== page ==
Perhaps we expect too much from an ‘idea’ meeting. Do we expect great original idea after great original idea? Perhaps what we should be aiming for is smaller quantum jumps from ideas put forward. Perhaps the role of a group is to fiddle with ideas put forward by individuals, who have already made intuitive leaps, and to improve those ideas?
Throughout history, groups and teams have out-performed individuals in the elaboration, expression, development and manifestation of an idea. Yes, an individual may be remembered as the one who ‘thought of it’, the the combined group mind always improves and builds on it.
With the Beatles the main ideas generating group for their songwriting was John Lennon and Paul McCartney, working together to create all those hits. So here we have a brainstorming group of just two. They didn’t even let George in on the songwriting meetings, he and Ringo would have to wait until the songs were more or less finished and presented to the group to arrange and embellish.
But Lennon and McCartney didn’t run a ‘let’s be nice to each other’s views’ songwriting brainstorm. It’s well documented that their differences and disagreements would cause arguments and fights. And yet it was these differences that made them great (and the same differences would eventually pull them apart).
We have the stereotypes of McCartney singing the optimistic, “It’s getting better all the time” and Lennon add the sardonic, cynical, “couldn’t get no worse”.
They’d do that with each other, face to face, opposite each other with guitars. With McCartney being left handed they would have appeared as if looking into a mirror.
Paul would sing, “She was just seventeen, you know what I mean” and John would stop and say, “I LOVE that!”. In Hey Jude, Paul sings a line he was unhappy with, “the movement you need is on your shoulder” and John retorted, “don’t change it, that’s the best bit!”.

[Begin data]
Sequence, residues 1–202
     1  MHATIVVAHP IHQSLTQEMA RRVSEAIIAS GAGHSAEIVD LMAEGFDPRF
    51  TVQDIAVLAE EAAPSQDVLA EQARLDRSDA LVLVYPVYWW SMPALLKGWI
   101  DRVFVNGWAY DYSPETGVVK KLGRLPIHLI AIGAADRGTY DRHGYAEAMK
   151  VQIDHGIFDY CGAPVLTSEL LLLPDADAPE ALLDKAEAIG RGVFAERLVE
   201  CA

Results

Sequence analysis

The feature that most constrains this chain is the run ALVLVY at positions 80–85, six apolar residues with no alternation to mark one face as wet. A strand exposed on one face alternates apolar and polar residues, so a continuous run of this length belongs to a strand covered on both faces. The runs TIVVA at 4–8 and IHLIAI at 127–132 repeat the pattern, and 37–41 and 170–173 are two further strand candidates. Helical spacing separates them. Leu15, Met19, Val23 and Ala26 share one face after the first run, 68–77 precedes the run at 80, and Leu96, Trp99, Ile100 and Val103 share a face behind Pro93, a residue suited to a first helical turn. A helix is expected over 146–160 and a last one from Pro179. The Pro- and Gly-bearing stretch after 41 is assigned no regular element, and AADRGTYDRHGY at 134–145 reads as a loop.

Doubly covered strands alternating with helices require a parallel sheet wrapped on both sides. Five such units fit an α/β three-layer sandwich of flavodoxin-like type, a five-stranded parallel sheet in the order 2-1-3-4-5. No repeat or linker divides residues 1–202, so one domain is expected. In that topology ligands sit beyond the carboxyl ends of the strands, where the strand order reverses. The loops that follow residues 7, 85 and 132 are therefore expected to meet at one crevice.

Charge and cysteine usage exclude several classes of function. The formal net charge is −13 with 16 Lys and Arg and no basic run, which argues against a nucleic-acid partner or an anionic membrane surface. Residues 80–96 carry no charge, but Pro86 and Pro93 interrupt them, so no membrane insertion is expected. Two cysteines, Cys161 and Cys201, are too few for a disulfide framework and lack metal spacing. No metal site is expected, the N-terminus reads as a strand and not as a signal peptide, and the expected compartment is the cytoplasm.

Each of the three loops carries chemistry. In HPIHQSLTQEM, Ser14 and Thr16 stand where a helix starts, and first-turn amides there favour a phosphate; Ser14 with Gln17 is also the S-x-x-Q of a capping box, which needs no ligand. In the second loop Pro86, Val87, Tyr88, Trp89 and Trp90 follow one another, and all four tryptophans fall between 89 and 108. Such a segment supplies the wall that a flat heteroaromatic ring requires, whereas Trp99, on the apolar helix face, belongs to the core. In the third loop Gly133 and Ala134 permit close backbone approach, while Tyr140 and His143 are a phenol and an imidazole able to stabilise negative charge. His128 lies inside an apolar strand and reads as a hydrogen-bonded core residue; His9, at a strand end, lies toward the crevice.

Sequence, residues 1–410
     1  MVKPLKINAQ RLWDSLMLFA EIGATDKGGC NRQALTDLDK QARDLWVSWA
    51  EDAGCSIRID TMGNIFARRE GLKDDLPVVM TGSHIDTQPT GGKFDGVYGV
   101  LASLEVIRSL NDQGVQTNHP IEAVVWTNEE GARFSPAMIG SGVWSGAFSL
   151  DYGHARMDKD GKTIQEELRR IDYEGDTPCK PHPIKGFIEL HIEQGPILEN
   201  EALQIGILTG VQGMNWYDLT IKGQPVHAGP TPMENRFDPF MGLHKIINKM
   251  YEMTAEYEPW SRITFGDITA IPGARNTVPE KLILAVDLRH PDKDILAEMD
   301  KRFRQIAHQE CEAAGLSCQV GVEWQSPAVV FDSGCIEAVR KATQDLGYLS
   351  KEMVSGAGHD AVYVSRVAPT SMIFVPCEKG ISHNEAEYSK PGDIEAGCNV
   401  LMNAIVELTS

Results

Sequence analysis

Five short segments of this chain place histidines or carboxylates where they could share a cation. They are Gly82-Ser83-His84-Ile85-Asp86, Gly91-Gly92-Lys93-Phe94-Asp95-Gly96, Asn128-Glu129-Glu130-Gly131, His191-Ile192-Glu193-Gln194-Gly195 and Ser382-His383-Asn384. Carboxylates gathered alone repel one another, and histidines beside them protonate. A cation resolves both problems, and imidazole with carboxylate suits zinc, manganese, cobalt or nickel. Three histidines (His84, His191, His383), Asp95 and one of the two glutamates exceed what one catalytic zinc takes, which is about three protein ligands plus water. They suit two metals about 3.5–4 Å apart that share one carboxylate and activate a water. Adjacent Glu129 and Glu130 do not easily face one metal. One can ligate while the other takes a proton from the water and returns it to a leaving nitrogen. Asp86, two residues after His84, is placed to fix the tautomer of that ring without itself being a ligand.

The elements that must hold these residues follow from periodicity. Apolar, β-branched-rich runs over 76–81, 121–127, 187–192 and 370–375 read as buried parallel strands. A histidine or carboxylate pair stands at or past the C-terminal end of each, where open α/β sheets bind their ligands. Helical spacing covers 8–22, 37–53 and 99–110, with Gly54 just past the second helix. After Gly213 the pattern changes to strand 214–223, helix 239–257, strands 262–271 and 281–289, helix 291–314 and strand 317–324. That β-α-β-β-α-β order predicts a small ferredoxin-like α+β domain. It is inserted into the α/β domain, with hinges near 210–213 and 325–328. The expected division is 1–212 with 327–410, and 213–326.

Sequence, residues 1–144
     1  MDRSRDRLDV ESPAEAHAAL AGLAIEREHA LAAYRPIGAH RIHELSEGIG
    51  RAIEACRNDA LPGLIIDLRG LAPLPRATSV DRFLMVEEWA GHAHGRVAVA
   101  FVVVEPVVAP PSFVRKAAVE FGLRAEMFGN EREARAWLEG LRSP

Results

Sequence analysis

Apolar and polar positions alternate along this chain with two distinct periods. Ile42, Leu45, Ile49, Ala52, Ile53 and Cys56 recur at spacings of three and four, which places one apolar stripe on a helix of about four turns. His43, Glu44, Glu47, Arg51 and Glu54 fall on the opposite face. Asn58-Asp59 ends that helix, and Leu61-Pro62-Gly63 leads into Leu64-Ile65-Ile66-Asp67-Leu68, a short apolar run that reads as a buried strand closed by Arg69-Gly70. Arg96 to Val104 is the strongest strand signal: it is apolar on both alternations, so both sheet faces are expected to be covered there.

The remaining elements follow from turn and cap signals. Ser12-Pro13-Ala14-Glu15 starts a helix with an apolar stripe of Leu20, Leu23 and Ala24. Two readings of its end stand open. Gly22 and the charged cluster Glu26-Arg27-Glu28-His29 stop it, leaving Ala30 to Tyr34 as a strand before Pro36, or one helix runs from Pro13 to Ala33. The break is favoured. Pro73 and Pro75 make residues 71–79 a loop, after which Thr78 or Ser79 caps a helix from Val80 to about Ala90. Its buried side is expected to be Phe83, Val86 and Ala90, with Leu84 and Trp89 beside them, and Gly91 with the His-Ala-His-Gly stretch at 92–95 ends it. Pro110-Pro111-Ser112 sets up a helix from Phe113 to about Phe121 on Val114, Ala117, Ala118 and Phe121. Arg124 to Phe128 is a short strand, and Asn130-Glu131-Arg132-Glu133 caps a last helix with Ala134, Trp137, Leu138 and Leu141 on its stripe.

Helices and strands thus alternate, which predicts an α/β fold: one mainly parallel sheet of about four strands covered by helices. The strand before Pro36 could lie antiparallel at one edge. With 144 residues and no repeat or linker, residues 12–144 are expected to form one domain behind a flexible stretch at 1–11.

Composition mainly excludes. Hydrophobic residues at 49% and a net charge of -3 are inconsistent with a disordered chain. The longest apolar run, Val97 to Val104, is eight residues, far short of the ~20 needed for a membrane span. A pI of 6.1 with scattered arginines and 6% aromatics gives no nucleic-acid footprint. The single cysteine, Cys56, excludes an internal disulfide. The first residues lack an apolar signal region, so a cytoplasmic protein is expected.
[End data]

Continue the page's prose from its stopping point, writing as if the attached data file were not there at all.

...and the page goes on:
We now know that although all those Lennon-McCartney songs were credited as equal compositions, they were nearly all instigated by one of the pair first and then worked up afterwards, together, then further developed with the other members of their team.
Paul McCartney may have thought of the ‘idea’ for the Beatles’ Sgt. Pepper. But it was the team of the four Beatles, their producer and engineers that embellished, elaborated, enhanced and manifested that idea into the record.
This should be our new model for brainstorming (or Ideastorming as I call it). Here are the new guidelines:
- get a small group of two to five people who you trust. Could you bare to be stuck with them in traffic for eight hours? Could you bare to be stranded overnight with them?
- each prime mover puts forward their ideas and the others help to change, embellish, enhance or reject them as an evolving debate.
Can it really be that simple? Actually yes. The secret to making brainstorming work was not to leave your brain at the door. All along we should have been using a healthy dose of common sense and realise that no strict formula or rules of ‘do this’ or ‘don’t do this’ has any place in creativity.
Ayd works with people and businesses to explore and unlock their creative ideas in ways they may never have thought possible, to inspire innovation.